Panama City, Panama (BGIS) — Barbados Prime Minister Freundel Stuart believes that there must be frank and honest dialogue between Venezuela and the United States.
While addressing the Seventh Summit of the Americas in Panama on Saturday, Stuart said: “Dialogue between Cuba and the United States of America ended many long years of hostilities between the two countries. May the fruits of this seventh summit be the undertaking of a frank and honest dialogue between Venezuela and the United States of America.
“The peace and security of the hemisphere demand no less! It cannot be made to appear after all, that the United States needs at least one adversary in this hemisphere at any given point and time,” he said.
Stuart stressed that Barbados’ relationship with and support for the people of Venezuela had never been up for negotiation.
“Venezuela´s historical commitment to the integration of this hemisphere through the efforts of Simon Bolivar and a succession of leaders down to the present has always recommended itself to the people of Barbados,” he stated.
Stuart described the two-day Summit, which ended on Saturday, as historic because Cuba had attended and participated in the discussions for the first time. Prosperity with Equity: The Challenge of Cooperation in the Americas was the theme of the Summit, and several sub-themes, among them education, health, energy, environment, migration, security, citizen participation and democratic governance were discussed.
Stuart said all of the countries of the hemisphere must work together and share experiences, successes and failures. He stated that only in this way could they overcome the obstacles which limit the unleashing of the full potential of all of citizens. He added that the policies and programmes adopted at the meeting must reach all – the young, the old, the disabled, the vulnerable, the gifted, and both men and women.
The prime minister pointed out that, over the years, Barbados had sought to meet the health needs of all through universal access to quality healthcare, and to provide sound education from kindergarten through to the tertiary level, within the context of what its limited resources could afford.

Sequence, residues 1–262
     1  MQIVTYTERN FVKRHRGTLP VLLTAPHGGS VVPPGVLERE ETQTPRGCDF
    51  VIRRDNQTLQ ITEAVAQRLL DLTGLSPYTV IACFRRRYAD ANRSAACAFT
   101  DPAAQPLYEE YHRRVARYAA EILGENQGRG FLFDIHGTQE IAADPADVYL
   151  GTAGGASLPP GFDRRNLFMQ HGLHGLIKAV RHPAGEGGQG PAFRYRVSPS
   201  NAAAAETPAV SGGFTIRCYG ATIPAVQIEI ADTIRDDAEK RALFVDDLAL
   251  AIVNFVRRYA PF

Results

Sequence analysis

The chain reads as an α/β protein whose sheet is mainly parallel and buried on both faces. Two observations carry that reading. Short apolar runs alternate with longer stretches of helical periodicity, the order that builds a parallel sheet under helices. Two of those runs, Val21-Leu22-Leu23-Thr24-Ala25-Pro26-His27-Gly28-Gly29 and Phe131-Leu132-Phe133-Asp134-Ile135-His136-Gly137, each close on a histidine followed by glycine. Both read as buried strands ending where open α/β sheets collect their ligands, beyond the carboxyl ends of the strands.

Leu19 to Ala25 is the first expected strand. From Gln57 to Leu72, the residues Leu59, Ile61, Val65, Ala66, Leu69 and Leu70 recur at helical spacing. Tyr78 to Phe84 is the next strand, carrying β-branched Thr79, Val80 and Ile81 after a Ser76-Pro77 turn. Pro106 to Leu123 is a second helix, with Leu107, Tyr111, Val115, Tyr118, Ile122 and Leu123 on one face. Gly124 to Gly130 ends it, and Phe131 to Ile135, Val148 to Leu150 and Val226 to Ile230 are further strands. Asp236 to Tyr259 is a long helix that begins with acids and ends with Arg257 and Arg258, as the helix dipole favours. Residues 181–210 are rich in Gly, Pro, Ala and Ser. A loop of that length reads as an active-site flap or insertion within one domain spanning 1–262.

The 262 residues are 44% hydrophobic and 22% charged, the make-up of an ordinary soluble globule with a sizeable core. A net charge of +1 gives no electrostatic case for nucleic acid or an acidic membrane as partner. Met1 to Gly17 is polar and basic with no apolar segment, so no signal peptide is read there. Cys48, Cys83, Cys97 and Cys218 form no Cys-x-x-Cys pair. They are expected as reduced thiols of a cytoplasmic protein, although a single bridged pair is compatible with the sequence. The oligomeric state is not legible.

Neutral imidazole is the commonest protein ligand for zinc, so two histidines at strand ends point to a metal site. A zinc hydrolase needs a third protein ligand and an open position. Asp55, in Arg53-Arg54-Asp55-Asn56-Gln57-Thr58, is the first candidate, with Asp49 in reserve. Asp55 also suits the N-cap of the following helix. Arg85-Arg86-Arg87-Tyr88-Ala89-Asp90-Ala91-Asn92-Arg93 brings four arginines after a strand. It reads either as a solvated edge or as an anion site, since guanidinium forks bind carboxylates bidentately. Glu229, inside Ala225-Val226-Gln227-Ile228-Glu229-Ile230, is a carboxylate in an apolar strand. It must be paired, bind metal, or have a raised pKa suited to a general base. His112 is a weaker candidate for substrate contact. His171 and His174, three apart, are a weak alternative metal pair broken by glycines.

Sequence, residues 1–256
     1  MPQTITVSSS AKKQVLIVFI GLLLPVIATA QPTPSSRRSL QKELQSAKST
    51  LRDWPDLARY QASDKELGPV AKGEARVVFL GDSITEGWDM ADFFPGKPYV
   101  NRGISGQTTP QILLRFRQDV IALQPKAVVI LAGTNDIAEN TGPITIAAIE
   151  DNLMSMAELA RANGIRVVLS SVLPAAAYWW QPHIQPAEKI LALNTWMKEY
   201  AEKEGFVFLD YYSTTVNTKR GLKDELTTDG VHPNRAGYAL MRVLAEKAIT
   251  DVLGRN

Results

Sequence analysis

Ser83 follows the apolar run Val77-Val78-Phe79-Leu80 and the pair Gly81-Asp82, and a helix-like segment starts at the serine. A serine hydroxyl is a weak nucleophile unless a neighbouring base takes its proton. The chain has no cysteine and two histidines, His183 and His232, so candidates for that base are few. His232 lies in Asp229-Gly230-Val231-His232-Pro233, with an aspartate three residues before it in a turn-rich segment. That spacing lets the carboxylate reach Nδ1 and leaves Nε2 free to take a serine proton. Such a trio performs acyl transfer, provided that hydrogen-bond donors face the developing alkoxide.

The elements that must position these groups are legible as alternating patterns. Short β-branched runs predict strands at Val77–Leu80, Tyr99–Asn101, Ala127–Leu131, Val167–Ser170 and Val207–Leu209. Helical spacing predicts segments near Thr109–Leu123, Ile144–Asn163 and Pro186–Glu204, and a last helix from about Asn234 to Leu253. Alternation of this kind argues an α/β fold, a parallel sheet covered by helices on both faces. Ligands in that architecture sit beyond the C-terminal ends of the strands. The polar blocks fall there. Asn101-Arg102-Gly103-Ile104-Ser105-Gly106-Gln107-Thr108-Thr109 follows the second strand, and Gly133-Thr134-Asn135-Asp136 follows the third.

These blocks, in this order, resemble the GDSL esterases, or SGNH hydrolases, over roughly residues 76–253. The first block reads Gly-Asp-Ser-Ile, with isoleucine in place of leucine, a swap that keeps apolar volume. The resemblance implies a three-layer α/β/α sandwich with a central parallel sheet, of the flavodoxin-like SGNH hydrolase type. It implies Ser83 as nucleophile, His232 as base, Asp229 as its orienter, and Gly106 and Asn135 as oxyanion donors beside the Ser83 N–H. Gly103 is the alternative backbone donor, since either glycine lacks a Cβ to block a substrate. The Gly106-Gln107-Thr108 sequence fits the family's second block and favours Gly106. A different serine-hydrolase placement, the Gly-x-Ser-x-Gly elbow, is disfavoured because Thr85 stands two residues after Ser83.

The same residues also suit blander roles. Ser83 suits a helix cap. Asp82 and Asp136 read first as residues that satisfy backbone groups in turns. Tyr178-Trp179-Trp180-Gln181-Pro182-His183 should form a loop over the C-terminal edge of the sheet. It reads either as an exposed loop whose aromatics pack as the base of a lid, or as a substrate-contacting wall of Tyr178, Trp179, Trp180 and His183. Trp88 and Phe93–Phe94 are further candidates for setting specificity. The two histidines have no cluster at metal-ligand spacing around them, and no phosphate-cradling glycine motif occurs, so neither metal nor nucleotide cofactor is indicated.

“We have recognised that health and education are critical cornerstones of a strong society, and a strong country. But today we are facing serious challenges in both these key sectors. Costs continue to spiral out of our reach. For example, in the field of health, my government now spends a large part of its budget on dealing with the dire challenge of chronic non-communicable diseases (CNCDs),” he told his audience.
Stuart said there was a need to strengthen cultural ties in the Americas and to promote cooperation for the conservation and protection of the region’s tangible and intangible cultural heritage. He added that the government and people of Barbados were excited that Rihanna had just been recognised for entrepreneurship in the Americas.
He stressed that access to higher educational opportunities, and to technical and vocational training could contribute significantly to poverty reduction, and providing the skills that lead to the creation of employment, and meaningful work for young people.
He told the leaders: “An inescapable obligation rests on our shoulders to help our young people to effect successfully, the transition from school to the workplace, and to appreciate in the process all the cultures of the region.”
He noted that, as a small island developing state, Barbados was already experiencing the effects of climate change, particularly with regard to its coastal zones, fisheries and vulnerability to the increasing threats of natural disasters. Stuart again urged the multilateral development banks to integrate sustainable development indicators in their decision-making processes.
The prime minister identified energy and climate change as areas in which further collaboration was essential. He also stressed that hemispheric cooperation must be extended to the area of security.